By Nicolas Lubitz, SRC intern
Invertebrates, animals without a backbone, are the oldest form of animals that exist on our planet. The first fossils of invertebrates date back to 665 million years ago, and are sponges. Since then, they have diversified into a spectacular array of organisms, both marine and terrestrial. From insects, to squids and corals, to jellyfish, their forms and shapes seem to know no limits. Some studies suggest that invertebrates make up 97% of all animal life on the face of the earth. For example, coral reefs provide shelter and structures for other organisms, most invertebrates are prey for higher organisms, but many invertebrates are predators themselves, like squid. With no doubt those creatures are vital to our marine and terrestrial ecosystems, and understanding their biology helps us to ultimately understand how every part of an ecosystem revolves around another part.
Because of the fantastic diversity of tasks they perform conserving invertebrate diversity is important to ocean health. Steven R. Hein and Molly W. Jacobs from the University of Washington and Miami University, respectively, have shown that there is even more to consider when looking at marine invertebrates. In their recent paper they looked at the decorator crab Oregonia gracilis (figure 1). Decorator crabs are known to use debris and other organisms such as sponges and algae to cover their outer layer, most likely for camouflage and protection. Just like other invertebrates of the order crustacea (which includes crabs and lobsters) decorator crabs go through different stages in their lives from larvae, to an intermediate phase, the so called megalopa, to a juvenile phase to the final adult stage. Each phase is very different in appearance and behavior. Hein and Jacobs were interested in how those different life stages utilize different habitats and different forms of debris and organisms to decorate themselves and how.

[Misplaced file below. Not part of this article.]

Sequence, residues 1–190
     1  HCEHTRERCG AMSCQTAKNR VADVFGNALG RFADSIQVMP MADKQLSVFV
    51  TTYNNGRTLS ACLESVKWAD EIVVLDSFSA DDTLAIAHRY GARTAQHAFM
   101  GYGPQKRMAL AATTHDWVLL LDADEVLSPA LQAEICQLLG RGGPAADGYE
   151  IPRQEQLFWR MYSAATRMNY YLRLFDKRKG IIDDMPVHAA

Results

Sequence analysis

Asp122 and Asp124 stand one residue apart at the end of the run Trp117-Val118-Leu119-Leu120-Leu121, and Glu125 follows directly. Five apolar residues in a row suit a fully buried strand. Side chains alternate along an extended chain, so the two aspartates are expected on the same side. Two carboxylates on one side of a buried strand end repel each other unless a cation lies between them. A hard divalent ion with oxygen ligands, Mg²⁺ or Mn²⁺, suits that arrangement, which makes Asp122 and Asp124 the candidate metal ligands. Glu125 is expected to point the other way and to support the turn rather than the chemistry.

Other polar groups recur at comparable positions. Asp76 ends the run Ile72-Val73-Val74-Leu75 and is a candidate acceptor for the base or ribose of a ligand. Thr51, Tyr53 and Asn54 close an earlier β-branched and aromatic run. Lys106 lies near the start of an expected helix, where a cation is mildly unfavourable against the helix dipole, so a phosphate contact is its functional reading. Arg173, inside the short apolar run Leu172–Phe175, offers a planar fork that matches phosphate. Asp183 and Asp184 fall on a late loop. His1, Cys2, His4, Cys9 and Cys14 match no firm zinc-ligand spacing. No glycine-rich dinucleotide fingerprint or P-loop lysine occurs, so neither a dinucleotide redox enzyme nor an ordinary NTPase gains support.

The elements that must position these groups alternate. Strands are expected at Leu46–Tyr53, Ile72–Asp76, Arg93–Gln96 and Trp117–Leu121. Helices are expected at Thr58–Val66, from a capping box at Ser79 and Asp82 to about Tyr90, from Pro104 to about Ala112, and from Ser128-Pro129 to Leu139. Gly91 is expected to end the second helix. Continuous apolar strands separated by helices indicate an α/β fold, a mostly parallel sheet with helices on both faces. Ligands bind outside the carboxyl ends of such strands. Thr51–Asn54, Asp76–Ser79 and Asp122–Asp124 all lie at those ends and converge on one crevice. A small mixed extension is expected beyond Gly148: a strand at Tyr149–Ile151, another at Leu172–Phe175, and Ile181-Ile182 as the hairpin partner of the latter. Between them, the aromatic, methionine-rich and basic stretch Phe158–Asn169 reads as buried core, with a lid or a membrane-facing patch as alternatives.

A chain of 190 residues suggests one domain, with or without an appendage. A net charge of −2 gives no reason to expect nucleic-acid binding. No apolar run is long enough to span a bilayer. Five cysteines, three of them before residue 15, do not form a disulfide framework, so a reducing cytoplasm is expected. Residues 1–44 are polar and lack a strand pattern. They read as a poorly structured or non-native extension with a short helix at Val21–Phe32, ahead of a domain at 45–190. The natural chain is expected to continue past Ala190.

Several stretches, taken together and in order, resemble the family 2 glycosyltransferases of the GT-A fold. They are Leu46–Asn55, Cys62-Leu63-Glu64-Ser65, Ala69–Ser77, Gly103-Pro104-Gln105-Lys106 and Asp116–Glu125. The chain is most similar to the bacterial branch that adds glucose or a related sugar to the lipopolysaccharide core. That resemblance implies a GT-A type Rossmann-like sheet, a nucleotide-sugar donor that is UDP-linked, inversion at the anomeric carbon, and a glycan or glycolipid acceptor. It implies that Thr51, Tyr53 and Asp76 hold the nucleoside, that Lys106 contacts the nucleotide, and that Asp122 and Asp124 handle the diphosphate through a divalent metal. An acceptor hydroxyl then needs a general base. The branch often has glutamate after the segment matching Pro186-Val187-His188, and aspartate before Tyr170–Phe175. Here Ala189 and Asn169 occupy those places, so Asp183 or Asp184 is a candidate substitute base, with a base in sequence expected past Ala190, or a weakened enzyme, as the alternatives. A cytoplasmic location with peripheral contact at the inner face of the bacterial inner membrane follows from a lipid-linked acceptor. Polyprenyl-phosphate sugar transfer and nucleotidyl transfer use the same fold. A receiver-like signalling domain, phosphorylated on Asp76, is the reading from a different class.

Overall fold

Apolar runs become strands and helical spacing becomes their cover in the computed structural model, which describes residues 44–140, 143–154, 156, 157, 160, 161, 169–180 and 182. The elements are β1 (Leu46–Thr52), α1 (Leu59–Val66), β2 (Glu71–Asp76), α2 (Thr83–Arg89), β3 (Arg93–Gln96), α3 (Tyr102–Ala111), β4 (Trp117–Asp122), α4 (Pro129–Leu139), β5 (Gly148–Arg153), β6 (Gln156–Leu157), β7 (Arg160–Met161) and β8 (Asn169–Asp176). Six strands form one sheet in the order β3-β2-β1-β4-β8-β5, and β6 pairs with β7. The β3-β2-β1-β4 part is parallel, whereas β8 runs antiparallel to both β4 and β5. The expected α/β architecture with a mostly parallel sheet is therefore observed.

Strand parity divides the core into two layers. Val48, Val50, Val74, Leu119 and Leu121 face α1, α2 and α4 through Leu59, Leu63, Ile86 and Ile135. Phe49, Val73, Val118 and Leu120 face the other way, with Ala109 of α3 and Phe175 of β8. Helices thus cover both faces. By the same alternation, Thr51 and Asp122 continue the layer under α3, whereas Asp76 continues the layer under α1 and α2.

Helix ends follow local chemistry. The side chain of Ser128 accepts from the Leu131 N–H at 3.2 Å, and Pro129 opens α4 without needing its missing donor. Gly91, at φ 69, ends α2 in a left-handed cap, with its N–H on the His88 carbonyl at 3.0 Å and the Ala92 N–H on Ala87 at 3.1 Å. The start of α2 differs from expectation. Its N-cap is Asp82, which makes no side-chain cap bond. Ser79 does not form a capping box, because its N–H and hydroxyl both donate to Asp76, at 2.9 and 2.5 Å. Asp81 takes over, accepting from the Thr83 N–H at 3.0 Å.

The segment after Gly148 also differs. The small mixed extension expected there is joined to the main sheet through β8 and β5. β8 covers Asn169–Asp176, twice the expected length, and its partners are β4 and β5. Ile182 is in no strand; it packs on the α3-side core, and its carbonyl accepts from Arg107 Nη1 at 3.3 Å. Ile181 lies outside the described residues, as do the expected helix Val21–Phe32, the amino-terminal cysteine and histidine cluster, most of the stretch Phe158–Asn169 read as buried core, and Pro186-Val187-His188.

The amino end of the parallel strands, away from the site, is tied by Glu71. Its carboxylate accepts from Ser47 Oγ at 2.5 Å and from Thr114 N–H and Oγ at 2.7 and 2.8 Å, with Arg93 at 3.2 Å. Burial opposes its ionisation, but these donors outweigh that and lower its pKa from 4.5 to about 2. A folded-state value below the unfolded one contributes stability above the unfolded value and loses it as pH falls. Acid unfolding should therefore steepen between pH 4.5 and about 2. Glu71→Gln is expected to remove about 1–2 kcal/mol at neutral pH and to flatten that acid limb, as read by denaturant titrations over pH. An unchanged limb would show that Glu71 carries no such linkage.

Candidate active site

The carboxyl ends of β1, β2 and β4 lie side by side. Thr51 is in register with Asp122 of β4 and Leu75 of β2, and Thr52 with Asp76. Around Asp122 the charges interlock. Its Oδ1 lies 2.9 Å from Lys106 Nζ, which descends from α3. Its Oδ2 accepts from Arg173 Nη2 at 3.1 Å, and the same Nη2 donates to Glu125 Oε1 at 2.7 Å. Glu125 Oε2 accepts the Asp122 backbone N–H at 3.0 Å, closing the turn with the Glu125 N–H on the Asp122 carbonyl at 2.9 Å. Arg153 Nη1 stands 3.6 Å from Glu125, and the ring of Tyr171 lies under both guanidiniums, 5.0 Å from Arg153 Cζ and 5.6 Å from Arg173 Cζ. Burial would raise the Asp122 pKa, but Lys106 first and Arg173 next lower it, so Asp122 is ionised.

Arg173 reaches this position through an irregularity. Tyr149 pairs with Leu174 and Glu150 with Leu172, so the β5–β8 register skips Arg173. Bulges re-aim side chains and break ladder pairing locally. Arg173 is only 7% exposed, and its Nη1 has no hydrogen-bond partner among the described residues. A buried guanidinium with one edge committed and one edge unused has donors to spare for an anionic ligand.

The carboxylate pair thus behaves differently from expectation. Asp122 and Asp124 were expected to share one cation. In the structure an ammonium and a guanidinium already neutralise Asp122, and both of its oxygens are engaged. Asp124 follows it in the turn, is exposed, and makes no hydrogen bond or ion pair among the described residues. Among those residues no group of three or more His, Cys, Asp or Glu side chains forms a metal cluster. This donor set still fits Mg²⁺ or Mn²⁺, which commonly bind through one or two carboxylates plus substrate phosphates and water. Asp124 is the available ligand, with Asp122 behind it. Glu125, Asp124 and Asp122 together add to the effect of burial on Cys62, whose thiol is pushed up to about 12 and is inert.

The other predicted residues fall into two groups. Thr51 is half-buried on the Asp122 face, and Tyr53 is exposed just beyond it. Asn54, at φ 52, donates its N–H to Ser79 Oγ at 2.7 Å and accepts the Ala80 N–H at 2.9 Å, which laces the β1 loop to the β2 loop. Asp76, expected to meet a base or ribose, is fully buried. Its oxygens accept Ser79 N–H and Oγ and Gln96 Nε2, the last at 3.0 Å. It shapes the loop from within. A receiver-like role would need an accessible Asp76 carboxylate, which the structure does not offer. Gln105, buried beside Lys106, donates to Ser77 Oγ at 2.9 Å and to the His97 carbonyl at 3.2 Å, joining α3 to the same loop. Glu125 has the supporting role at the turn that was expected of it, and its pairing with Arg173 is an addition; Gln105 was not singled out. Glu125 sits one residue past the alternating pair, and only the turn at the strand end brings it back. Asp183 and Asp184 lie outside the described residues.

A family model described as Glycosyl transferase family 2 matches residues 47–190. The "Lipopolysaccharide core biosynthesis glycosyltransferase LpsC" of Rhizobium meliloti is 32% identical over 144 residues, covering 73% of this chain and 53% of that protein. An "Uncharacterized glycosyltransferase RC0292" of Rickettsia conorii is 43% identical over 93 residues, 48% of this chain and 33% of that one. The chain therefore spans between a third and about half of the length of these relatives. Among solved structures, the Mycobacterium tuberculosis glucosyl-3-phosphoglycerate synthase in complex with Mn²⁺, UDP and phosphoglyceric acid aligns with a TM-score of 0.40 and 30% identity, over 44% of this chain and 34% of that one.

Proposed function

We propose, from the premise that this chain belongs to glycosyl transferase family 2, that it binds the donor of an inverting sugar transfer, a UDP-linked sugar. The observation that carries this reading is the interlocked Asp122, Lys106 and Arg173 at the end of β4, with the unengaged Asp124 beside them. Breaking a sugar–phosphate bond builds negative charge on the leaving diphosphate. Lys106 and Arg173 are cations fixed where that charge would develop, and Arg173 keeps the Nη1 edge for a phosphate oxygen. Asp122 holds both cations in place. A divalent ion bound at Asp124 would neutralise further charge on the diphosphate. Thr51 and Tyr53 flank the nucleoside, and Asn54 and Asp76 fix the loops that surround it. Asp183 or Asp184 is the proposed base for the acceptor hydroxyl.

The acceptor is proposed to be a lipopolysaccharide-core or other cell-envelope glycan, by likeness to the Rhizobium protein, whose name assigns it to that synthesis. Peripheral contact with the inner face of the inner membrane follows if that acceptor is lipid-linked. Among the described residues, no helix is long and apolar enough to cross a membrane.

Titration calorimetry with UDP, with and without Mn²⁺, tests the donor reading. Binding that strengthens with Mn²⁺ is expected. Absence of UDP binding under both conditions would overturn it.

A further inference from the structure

In order to do so, they collected and bred different life stages of this particular decorator crab species and provided them with different decorating materials and habitats and compared the different stages for preferences. The results are clear: Although the early megalopa phases were found in mostly the same habitat as the juvenile phase, they did not decorate themselves at all. Juveniles, on the other side, utilized free floating organic debris to cover themselves which in turn is very different from adult individuals who use algae, sponges and other organisms. According to the researchers, the different body shapes of megalopae, juveniles, and adults requires all phases to adapt to different niches in order to survive.
When we look back to our idea of conservation we realize that when trying to come up with regulations and protective measurements for such organisms we should understand every single life stage of this particular organisms in order to ensure their conservation and protection. Hein and Jacobs indirectly demonstrated that laying out conservation measurements for just the adult phase appears to be insufficient since the whole life cycle has to be taken into consideration. Here we see that conservation is an integrative field and includes many components that we must look at for conserving our oceans.
Hein, S.R. & Jacobs, M.W. (2016) Decorating behavior begins immediately after metamorphosis in the decorator crab Oregonia gracilis. Marine Ecology Progress Series, 555, 141–150.